a Ideo ergo sparsi sunt, ut nobis libros servent. Serm. 5. n. Quid est enim aliud hodieque gens ipsa, nisi quædam 5. Tom. v.-Propter hoc enim illa gens regno suo pulsa est, scriniaria Christianorum, bajulans legem et prophetas ad teset dispersa per terras, ut ejus fidei, cujus inimici sunt, ubique timonium adsertionis ecclesiasticæ..... Contr. Faust. I. xii. testes fieri cogerenter. Serm. 201. n. 3. T. v. Vid. Serm. c. 23. T. viii.-Nobis serviunt Judæi; tamquam capsarii 200. cap. 2. 202. cap. 3. 204. n. 3. 374. n. 2.- Reproba per nostri sunt; studentibus nobis codices portant. Enar. in Ps. infidelitatem gens ipsa Judæorum, a sedibus exstirpata, per xli. n. 14. T. 4.- Remanserunt illi, ad quos missi sunt, codices mundum usquequaque dispergitur, ut ubique portet codices ferentes, veritatem non intelligentes; testamenti tabulas hasanctos, ac sic prophetiæ testimonium, quâ Christus et ecclesia bentes, et hæreditatem non tenentes. Enar. in. Ps. Ixvii. n. 7. prænuntiata est, ne ad tempus a nobis fictum existimaretur, " Jesus Christus, qui, humano corpore assumto, ad hoc ab ipsis adversariis proferatur, ubi etiam prædictum est, non utique hominibus homo factus apparuit, ut nobis et vivendi et fuisse credituros. Ep. 137. n. 16. T. 2.--Et hoc enim mag- moriendi et resurgendi præberet exemplum. Serm. 210. cap. mum est, quod Deus præstitit ecclesiæ suæ ubique diffusæ, ut 1. T. v. gens Judæa, merito debellata et dispersa per terras, ne a nobis 8 In passione quid egit: Docuit quid toleremus. In resurhæc composita putarentur, codices prophetiarum nostrarum, rectione quid egit? Ostendit quid speremus. Hie opus, ibi et inimica fidei nostræ testis fieret veritatis nostræ. De Cons. merces : opus in passione, merces in resurrectione. Serm. Evang. 1. i. c. 26 n. 40. T. iii. p. 2. et vid. ib. cap. 14. n. 22. 213. cap. 4.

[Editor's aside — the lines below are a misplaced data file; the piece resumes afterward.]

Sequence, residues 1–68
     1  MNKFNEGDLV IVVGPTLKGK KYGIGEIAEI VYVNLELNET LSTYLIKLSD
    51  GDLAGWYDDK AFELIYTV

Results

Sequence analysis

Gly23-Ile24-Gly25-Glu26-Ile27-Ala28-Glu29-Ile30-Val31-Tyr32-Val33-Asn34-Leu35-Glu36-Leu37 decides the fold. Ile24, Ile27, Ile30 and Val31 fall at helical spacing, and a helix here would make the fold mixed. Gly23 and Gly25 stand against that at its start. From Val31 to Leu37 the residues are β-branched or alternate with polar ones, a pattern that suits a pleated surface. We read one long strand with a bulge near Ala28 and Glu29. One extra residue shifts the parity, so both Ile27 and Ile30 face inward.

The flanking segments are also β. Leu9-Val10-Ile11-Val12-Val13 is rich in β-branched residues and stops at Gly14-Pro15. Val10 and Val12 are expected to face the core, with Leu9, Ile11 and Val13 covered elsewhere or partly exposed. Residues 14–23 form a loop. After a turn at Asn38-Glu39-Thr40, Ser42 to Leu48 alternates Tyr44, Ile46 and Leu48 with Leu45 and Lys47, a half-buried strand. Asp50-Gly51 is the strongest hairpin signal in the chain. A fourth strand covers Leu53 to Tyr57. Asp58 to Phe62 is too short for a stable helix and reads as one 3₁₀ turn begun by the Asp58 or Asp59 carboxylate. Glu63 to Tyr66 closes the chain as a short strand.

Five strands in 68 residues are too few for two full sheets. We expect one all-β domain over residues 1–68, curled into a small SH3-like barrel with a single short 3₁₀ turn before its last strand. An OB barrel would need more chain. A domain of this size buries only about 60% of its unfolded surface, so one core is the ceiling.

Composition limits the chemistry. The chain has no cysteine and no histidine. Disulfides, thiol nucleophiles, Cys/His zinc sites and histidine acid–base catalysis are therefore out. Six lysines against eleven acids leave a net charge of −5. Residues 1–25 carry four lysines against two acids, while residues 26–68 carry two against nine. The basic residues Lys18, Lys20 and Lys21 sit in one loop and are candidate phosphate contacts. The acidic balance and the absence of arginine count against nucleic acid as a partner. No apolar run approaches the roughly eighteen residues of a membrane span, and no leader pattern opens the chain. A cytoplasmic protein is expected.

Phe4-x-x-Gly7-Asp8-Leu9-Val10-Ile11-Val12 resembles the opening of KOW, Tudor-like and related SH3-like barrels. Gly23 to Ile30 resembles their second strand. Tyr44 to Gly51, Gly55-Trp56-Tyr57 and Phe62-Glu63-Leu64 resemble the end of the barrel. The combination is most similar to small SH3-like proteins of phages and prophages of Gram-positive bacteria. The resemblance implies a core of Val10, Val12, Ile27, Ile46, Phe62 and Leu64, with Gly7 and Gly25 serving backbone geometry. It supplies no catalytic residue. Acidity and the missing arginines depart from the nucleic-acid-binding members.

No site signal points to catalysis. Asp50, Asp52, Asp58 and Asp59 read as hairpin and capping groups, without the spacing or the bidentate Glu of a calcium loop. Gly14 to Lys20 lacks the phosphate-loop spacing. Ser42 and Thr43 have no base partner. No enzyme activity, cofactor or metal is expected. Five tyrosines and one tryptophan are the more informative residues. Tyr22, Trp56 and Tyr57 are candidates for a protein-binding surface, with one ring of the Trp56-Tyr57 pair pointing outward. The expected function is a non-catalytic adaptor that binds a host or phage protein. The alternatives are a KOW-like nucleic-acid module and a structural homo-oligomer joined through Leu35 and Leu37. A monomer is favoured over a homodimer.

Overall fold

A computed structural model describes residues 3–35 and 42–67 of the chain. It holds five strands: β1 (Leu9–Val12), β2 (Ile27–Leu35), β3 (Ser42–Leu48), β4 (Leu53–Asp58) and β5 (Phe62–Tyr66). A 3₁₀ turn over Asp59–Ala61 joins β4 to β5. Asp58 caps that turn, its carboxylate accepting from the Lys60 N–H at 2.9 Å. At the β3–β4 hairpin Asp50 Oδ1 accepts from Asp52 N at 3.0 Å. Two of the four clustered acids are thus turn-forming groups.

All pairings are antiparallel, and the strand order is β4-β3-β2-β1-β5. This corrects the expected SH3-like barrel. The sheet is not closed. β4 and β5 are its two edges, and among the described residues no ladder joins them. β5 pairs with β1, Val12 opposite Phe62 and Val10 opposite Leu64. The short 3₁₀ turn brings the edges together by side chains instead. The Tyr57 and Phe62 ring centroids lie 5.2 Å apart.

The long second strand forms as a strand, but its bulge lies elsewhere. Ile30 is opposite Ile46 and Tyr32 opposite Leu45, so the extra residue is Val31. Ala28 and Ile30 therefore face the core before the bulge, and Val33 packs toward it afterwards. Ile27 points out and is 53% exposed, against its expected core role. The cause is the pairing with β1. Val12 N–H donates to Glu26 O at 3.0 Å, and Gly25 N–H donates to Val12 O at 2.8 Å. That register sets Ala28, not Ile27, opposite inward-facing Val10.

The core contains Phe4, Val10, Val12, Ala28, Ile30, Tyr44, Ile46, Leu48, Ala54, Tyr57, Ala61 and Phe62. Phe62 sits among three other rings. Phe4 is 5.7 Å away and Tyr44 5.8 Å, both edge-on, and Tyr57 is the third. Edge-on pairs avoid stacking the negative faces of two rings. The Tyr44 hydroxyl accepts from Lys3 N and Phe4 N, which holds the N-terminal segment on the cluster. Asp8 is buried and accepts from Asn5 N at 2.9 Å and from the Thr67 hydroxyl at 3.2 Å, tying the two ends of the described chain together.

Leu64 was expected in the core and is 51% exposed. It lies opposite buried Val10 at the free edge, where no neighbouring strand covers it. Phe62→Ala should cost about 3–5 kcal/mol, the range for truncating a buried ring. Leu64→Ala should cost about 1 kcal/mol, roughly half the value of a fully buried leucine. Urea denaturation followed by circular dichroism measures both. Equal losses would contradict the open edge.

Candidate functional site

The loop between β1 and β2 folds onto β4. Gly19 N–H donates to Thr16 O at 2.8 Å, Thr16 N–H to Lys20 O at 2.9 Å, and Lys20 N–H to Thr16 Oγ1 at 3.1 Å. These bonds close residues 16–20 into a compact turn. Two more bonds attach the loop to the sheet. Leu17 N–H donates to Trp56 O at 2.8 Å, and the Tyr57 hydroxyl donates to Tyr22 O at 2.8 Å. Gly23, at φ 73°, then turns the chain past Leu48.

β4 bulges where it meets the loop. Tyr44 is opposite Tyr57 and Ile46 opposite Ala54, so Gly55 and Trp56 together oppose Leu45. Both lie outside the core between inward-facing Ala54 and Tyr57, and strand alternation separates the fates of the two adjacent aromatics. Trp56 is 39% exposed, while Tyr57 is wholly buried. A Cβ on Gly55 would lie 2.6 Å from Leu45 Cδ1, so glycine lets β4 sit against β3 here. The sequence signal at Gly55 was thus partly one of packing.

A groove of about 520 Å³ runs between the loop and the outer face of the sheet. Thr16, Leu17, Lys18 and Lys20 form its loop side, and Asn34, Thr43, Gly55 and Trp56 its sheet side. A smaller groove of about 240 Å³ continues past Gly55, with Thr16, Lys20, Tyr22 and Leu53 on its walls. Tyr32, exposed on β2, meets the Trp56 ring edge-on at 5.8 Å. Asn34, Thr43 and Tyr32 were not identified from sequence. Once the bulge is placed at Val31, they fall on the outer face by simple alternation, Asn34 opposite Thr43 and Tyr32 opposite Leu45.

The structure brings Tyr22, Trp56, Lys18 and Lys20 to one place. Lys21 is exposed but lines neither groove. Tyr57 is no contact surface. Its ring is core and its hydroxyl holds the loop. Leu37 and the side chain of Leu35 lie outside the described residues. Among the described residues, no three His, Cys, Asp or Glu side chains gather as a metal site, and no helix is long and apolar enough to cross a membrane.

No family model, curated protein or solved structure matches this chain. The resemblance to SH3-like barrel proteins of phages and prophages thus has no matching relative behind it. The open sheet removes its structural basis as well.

• Magis verendum erat, ne tantâ rerum evidentiâ circum- h Passio Christi significat miserias hujus vitæ. Resurrectio fusus fortasse diceret, postea quam ista per mundum fieri Christi ostendit beatitudinem futuræ vitæ. In præsenti labocoeperuns, Christianos has literas composuisse, ut ante præ- remus: in futura speremus. Modo tempus est operis: tunc dicta putarentur, ne quasi temere humanitus facta contemne- mercedis. Serm. 233, in. T. v. rentur Hoc verendum erat, nisi esset late sparsus lateque i Itaque Christus homo, ut per eum revelaretur Novi gratia notus populus Judæorum.... Per eorum quippe codices pro- Testamenti, quæ non ad temporalem, sed ad æternam vitam bamus, non a nobis, tamquam de rerum eventu commonitis, pertinet, non utique terrenâ felicitate commendandus fuit. ista esse conscripta, sed olim in illo regno prædicta atque İnde subjectio, inde passio, inde flagella, sputa, contumeliæ, servata, nunc autem manifestata et completa. Contr. Faust.. crux, vulnera, et tamquam superato subjectoque mors ipsa, 1. xiii. cap. x. n. 7, 8. Conf. 1. xvi. cap. 11. et de Civ. Dei. ut fideles ejus discerent, quale pietatis præmium ab illo, cujus 1. iv. cap. 34.

filii facti essent, petere atque sperare deberent. &c. Ep. 140. Propterea autem adhuc Judæi sunt, ut libros notros por- cap. v. n. 13. T. ii.—Hoc enim voluit pati in conspectu inimitent, ad confusionem suam. ... Librarii nostri facti sunt, quo- corum, quo eum tamquam derelictum putarent, ut gratia commodo solent servi post dominos codices ferre, ut illi portando mendaretur Novi Testamenti, quâ disceremus etiam quærere


(5.) Christ's “ whole life on earth, he says, was an institution of virtue.

(6.) In what he suffered from his enemies he gave us an example of patience, that, if it should be required of us, we also might be willing to suffer for the truth of the gospel.